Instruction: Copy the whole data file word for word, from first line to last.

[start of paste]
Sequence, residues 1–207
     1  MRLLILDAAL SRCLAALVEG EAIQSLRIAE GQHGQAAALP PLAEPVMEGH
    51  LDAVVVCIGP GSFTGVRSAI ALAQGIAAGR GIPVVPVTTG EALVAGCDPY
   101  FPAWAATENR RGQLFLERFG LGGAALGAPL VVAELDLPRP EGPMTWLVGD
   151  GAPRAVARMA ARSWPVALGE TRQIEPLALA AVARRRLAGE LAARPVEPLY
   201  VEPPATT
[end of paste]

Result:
Sequence, residues 1–207
     1  MRLLILDAAL SRCLAALVEG EAIQSLRIAE GQHGQAAALP PLAEPVMEGH
    51  LDAVVVCIGP GSFTGVRSAI ALAQGIAAGR GIPVVPVTTG EALVAGCDPY
   101  FPAWAATENR RGQLFLERFG LGGAALGAPL VVAELDLPRP EGPMTWLVGD
   151  GAPRAVARMA ARSWPVALGE TRQIEPLALA AVARRRLAGE LAARPVEPLY
   201  VEPPATT